Saturday, March 3, 2018

A Big Day - Food Market, Museum. Temple, and a Mountain to Climb

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From our intial "to-do" list of Kyoto sites we narrowed it down to two more days of touring.  In addition to what we did today, we have one more day planned to visit the bamboo forest and monkey park.

Today we planned a pretty aggressive day of walking and climbing.  As you can see the end result was a huge accomplishment.

We started out with a early Saturday morning train to Kyoto.  The train was quietly inhabited with a few local folks...all on devices...including Bobbie.
Lots of young folks and some tourists had rented kimonos for the day and the costumes were everywhere and very colorful.
Our first stop was the Niniski Food Market with block after block of covered arcades full of food vendors,  Pickled cucumbers and daikon are the Kyoto speciality.
Lot of baby octopus and squid.
Fried and glazed sweet potatoes.
An ice cream filled crepe.

Dried shrimp eaten like popcorn and really good.

Four jumbo shrimp on a stick for $5.

Sea Urchin.
BBQ favorite.
We walked the arcades sampling lots of food, then headed out onto the busy shopping street.  This building, all five floors, is all food...restuarants, shops, stalls...amazing.
In route to the National Museum we came across this peace garden with a beautiful bridge and gardens.

The National Museums main building was built in the middle 19th century and resembled French architecture of that period.
We had our picnic lunch at the fountain before viewing the exhibits.  Sorry no photos allowedl
This picture was taken at a train station in route to the Inari Temple.
The Fushimi Inari Shrine is an important Shinto shrine in southern Kyoto. It is famous for its ten thousand (yes, 10,000) vermilion torii gates, which straddle a network of trails behind its main buildings. The trails lead into the wooded forest of the sacred Mount Inari, which stands at 233 meters and belongs to the shrine grounds.
Fushimi Inari is the most important of several thousands of shrines dedicated to Inari, the Shinto god of rice. Foxes are thought to be Inari's messengers, resulting in many fox statues across the shrine grounds. Fushimi Inari Shrine has ancient origins, predating the capital's move to Kyoto in 794.
While the primary reason most foreign visitors come to Fushimi Inari Shrine is to explore the mountain trails, the shrine buildings themselves are also attractive. At the shrine's entrance stands the Romon Gate, which was donated in 1589 by the famous leader Toyotomi Hideyoshi. Behind stands the shrine's main hall (honden) where visitors should pay respect to the resident deity by making a small offering.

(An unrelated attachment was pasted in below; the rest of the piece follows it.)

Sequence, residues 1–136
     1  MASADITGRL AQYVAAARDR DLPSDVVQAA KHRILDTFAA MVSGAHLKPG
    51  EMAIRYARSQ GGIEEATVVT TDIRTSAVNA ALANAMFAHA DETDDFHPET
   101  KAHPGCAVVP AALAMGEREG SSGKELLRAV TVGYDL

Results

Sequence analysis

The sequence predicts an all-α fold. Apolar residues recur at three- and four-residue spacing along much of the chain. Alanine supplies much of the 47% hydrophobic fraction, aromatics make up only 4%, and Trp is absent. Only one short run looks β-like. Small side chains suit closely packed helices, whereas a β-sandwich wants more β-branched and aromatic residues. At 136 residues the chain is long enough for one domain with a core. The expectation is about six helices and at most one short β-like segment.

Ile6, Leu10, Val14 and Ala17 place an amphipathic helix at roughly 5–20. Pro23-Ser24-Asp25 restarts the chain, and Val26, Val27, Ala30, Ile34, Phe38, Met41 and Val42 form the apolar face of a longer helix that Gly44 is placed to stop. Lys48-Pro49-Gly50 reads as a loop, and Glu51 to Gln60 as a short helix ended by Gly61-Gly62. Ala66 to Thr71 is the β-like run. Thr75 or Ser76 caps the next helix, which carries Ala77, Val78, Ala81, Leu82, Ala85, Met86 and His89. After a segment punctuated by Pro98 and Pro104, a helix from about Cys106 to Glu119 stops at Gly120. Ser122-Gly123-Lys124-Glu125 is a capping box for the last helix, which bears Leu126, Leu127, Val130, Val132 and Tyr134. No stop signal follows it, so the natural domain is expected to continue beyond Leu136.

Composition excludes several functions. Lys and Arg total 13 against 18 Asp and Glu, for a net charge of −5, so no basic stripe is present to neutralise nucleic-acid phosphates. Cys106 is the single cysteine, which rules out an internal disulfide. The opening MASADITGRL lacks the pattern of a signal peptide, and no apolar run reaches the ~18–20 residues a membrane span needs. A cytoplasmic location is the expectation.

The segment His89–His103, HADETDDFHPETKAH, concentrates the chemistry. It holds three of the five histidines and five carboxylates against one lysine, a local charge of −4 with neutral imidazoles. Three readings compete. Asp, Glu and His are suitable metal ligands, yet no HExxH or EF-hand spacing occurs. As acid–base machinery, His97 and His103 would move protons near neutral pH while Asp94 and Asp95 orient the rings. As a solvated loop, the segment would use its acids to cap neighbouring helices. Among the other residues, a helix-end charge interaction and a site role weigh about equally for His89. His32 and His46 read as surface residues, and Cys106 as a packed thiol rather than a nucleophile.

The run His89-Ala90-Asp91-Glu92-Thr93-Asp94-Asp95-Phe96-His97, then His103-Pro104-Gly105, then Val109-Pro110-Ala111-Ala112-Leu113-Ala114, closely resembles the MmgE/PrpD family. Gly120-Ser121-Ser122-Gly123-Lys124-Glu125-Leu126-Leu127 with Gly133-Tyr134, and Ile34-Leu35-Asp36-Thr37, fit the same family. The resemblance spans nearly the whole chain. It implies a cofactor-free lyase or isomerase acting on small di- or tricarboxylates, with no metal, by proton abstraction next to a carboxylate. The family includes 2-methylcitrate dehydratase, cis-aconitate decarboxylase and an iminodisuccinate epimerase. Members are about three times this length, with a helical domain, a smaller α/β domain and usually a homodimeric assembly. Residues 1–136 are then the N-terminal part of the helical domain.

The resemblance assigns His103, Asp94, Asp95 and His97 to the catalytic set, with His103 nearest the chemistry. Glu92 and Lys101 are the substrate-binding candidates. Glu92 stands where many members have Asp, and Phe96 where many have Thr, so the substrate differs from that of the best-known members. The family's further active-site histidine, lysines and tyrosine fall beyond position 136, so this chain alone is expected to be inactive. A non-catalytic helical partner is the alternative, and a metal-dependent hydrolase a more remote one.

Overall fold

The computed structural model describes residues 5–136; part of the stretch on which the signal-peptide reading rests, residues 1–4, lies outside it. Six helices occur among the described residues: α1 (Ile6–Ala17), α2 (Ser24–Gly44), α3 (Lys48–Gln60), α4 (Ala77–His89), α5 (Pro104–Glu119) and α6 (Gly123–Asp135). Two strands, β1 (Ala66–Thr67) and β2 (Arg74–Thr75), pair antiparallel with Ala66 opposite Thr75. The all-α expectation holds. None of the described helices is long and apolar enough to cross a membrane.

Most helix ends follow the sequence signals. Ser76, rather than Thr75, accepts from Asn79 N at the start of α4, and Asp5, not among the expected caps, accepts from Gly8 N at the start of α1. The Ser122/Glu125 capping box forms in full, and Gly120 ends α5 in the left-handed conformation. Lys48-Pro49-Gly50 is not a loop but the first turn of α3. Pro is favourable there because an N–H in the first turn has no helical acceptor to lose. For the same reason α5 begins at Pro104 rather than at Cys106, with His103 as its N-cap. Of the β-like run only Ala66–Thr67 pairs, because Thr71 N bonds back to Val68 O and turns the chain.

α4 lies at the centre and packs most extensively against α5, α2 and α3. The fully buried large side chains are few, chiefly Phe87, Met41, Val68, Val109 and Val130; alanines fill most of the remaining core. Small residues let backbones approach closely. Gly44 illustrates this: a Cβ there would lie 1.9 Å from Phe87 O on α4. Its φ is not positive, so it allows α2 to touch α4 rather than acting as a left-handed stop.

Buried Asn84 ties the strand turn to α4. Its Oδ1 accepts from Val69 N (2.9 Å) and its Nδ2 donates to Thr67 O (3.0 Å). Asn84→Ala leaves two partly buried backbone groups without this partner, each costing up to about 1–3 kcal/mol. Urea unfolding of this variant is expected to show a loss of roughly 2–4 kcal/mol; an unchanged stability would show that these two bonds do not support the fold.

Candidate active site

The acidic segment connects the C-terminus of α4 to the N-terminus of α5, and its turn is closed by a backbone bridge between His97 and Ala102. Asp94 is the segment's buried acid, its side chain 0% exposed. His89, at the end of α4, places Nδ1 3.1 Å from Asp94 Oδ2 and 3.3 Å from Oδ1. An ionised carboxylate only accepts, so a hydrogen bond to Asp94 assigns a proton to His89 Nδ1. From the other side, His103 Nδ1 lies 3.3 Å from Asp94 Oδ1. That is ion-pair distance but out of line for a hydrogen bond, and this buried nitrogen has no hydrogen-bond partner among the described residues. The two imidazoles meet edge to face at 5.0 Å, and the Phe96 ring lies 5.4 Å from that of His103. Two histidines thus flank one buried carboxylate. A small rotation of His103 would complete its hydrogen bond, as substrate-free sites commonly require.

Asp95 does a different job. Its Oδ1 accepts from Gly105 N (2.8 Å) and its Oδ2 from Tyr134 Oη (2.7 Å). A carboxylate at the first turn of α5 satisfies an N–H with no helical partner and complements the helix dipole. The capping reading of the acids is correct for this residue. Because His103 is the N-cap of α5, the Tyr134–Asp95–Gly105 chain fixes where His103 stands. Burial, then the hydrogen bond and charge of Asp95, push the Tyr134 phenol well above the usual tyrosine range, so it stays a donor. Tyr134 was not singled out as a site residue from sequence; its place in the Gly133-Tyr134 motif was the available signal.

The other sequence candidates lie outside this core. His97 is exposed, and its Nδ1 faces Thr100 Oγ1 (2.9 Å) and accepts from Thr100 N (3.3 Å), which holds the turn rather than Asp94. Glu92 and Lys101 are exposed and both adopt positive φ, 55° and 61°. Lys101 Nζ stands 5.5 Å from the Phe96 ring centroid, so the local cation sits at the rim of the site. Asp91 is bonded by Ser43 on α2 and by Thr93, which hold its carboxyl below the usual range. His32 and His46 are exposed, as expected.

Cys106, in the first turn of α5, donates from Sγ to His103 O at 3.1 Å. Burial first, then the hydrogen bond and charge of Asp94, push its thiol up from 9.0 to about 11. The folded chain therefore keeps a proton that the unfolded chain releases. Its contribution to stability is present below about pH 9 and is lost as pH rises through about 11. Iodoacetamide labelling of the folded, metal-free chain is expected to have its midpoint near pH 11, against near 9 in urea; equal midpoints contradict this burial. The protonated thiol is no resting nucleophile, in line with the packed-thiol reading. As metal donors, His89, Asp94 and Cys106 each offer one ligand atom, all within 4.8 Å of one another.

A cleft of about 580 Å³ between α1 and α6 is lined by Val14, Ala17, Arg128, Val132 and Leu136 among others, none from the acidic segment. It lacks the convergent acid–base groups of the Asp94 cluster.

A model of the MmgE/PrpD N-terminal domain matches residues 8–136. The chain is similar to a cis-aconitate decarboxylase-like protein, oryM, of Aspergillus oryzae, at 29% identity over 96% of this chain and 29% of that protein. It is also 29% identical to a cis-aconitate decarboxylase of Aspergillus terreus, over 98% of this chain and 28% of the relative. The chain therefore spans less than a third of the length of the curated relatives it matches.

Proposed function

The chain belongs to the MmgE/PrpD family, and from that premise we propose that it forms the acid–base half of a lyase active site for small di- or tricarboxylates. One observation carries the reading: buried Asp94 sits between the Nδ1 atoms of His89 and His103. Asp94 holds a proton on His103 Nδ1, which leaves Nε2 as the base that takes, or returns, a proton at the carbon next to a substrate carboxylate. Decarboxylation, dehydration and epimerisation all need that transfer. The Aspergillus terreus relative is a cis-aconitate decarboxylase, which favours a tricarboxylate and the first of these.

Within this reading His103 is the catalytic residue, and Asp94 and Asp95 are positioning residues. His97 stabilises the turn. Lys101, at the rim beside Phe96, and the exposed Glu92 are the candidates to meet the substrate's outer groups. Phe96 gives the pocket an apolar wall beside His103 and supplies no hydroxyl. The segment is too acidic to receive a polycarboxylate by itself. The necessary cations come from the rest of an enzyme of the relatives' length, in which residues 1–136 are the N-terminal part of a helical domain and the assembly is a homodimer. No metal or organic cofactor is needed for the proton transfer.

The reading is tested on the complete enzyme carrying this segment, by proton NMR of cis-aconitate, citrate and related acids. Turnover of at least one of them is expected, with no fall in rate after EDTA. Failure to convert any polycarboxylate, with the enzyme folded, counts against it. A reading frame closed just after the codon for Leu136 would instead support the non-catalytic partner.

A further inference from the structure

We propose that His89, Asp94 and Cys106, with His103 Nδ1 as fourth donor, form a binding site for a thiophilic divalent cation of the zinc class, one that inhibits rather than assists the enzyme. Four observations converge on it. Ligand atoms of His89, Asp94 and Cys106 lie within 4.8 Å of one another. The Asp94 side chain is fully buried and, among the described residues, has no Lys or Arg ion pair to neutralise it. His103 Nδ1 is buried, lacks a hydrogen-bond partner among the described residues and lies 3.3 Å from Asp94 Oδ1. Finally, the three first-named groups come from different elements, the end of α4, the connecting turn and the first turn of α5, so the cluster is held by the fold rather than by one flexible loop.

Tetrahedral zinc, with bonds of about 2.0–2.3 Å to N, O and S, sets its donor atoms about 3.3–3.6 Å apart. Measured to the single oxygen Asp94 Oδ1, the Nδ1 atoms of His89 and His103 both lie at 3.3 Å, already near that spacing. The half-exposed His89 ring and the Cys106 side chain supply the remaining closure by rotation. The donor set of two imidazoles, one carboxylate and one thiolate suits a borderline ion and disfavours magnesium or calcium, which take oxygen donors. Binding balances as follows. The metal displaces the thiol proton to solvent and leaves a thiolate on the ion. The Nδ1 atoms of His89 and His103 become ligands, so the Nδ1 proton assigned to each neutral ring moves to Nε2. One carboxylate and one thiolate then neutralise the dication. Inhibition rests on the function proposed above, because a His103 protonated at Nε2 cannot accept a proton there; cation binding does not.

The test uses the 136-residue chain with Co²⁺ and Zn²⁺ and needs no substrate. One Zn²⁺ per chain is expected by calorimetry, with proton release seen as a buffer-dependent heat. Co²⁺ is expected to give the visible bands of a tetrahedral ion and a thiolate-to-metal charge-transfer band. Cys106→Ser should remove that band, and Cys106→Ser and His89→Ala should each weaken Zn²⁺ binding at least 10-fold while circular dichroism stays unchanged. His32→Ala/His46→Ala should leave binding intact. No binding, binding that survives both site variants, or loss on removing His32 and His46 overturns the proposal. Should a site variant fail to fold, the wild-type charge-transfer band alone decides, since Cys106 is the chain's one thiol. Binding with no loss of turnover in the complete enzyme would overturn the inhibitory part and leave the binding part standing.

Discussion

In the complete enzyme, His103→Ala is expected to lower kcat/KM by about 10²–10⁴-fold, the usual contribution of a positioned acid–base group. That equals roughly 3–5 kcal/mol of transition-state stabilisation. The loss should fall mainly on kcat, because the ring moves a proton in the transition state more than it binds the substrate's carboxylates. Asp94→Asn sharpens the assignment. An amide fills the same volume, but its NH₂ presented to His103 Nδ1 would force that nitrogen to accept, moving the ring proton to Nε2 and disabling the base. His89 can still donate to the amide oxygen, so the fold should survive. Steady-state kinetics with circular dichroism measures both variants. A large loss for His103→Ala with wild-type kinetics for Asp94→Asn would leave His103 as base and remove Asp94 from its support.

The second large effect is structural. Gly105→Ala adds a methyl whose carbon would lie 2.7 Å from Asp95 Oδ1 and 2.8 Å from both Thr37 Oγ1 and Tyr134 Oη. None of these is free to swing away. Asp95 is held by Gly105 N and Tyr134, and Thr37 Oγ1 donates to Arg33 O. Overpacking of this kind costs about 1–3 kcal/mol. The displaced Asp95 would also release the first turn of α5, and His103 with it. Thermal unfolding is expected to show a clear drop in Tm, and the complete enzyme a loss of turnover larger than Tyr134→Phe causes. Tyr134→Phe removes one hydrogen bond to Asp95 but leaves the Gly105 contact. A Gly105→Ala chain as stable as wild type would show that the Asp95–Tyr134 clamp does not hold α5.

At the very back of the shrine's main grounds is the entrance to the torii gate-covered hiking trail, which starts with two dense, parallel rows of gates called Senbon Torii ("thousands of torii gates"). The torii gates along the entire trail are donations by individuals and companies, and you will find the donator's name and the date of the donation inscribed on the back of each gate. The cost starts around 400,000 yen for a small sized gate and increases to over one million yen for a large gate.
The hike to the summit of the mountain and back takes about 2-3 hours, however, visitors are free to walk just as far as they wish before turning back. We went all the way to the top...over 3,500 steps and a couple of hours up and down.  Along the way, there are multiple smaller shrines with stacks of miniature torii gates that were donated by visitors with smaller budgets. There are also a few restaurants along the way, which offer locally themed dishes such as Inari Sushi and Kitsune Udon ("Fox Udon"), both featuring pieces of aburaage (fried tofu), said to be a favorite food of foxes.
This is the main gate to the shrine.  The streets are full of shops.

Foxes guard all of the entrances.

The torii gates begin along the path leading up the mountain and continue for miles.

The crowds thinned out as we got closer to the top.

Little shrines were every few hundred feet.

 Views from the midpoint lookout.  One third of the way to the top.

The halfway mark.  Another hour to go.

Absolutely amazing and so glad we did this...although very tired,.
A giant bamboo forest along the way.

And back down to the shrine entrance.
We lucked out and caught an express train back to Osaka and were  home in 45 minutes.  Pasta night!  Deserved.

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